I can play as well as I've ever played

When you are preparing for your 15th NFL season, the grind and monotony of a forgettable June mini-camp rarely registers deeply in the memory bank. But this particular three-day event resonated with Michael Strahan, but not for anything that happened out on the field or down in the film room.

Strahan this past spring attended the mini-camp but didn't exert himself much physically, as he continues to take it slow following last year's foot injury. He did, however, feel an emotional and nostalgic tug of the heart when he saw his good buddy and former defensive partner in crime, Jessie Armstead, make an appearance for the purpose of officially retiring as a member of the New York Giants.

The finality of that moment struck Strahan, just as a recent conversation with Tiki Barber also gave Strahan reason to pause and reflect. Barber, of course, bid adieu to football and the Giants after last season, still in his prime, building a 10-year résumé that includes his status as the best running back in franchise history.

"To see Jessie on the field and think he's retired, and talk to Tiki the other day and he's talking about he's enjoying his retirement, it kind of makes you sit back and think maybe it is getting to that point where I'm long in the tooth,'' Strahan said. "But as long as I feel good and feel like I can contribute and they want me around it's hard to quit, because you love the camaraderie and the competition of it.''

Not an NFL dinosaur just yet, Strahan at 35 years old knows he's not far from football extinction. He took a look at Armstead, who is merely one year his elder, and realized that Armstead's legs gave out and he hadn't played in an NFL game in four years. As long as ageless punter Jeff Feagles is on the scene, Strahan is not the oldest member of the Giants. But in terms of seniority with the Giants, no one has been around longer than Strahan, no one intertwined as deeply into the fabric of the organization.

But that doesn't mean he is always treated with great reverence.

"[Linebacker] Reggie Torbor just said to me 'Did you play with Steve DeOssie?' '' Strahan revealed. "He said 'Well, his son is here. When they're signing up sons of guys you played with, it's time for you to quit.' He could be right.''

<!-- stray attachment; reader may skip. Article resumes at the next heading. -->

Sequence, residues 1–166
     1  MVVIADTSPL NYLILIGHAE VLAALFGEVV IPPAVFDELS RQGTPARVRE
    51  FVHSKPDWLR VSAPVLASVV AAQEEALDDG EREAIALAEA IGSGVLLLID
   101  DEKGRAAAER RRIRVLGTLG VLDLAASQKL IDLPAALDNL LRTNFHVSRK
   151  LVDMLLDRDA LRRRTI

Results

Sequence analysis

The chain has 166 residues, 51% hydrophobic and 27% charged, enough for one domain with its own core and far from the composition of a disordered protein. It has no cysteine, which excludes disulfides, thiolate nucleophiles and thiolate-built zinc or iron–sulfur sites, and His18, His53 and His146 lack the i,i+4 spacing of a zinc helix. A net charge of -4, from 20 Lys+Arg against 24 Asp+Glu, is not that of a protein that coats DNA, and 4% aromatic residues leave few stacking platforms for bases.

Indeed, Steve DeOssie's last year with the Giants was 1993, Strahan's rookie season, and now 23-year-old Zak DeOssie is a new teammate. The old defensive gang is long gone. Barber is retired. Other than Amani Toomer -- who is coming back from knee surgery for his 12th year with the Giants -- there's no one left to share stories about Lawrence Taylor and Dan Reeves, much less George Young or Dave Brown or even Jim Fassel.

Keeping his body and mind in shape for the grind grows more difficult each year.

"I woke up this morning thinking, 'I don't know if I can do it again,' '' Strahan said. "But when I get here and you get out there on the field and you see everybody running around, I feel like if I'm not here, what else am I going to do? I feel like I would miss it more than I would hate being here.''

After playing in every game for five straight seasons (and missing only three games in a 10-year span) Strahan has missed 17 games the past three years. There was a torn pectoral muscle in 2004 and last season's Lisfranc mid-foot sprain. Strahan was able to avoid foot surgery but he knows all eyes will be on him to see if he can regain the form that produced 132.5 sacks (tied with LT for the franchise record) and made him a sure-fire future Hall-of-Famer.

He's preparing for his 15th Giants season -- which will tie the franchise record held by Mel Hein and Phil Simms -- knowing it will be difficult to reach the heights he once soared to with regularity.

"I feel like I can have my best year this year," Strahan said. "I feel great. If I pop on the film, I can still show you why I'm the best at what I do. It's my opinion. To be 14, 15 years in the league and still have to get double-teamed and still play the run better than I've ever played it and better than anybody at my position ... usually at 14 years in the league they sit you on the bench and tell you to watch that young guy and tell him what he's doing wrong. I still get treated out on the field with the same respect I was five, 10 years ago. That's the ultimate compliment to me. I know that now people are going to say, 'How's he going to be?' My goal is to go out there and make them do what they used to do, which is double-team me and challenge me.''

Strahan continues to be paid ($4 million this season) like a star defensive end but surely the Giants will seek to reduce that financial obligation if he once again breaks down. He is using his health issues as motivation. Once training camp arrives, Strahan will participate in only one practice per day, as the Giants do not want to put too much stress on a foot that has to endure constant pounding.

"Coming back from the injury – I enjoy it, because it's a challenge," Strahan said. "After so many years, sometimes you lose out on challenges. This is a challenge to myself. When I came back from the pec injury, it was not only could I play, but could I play at 250 pounds. Now the challenge is, can I come back and play and play on a bad foot 15 years into it and still try to be a Pro Bowl-type, All-Pro player. That's my personal challenge for this year, my motivating factor.

"I hurt my pec and the next year I came back and made the Pro Bowl and played great. And I wasn't anywhere near as strong as I am now and probably not in the shape that I am now. And I have two years more experience added under my belt. I feel like I can play as well as I've ever played.''

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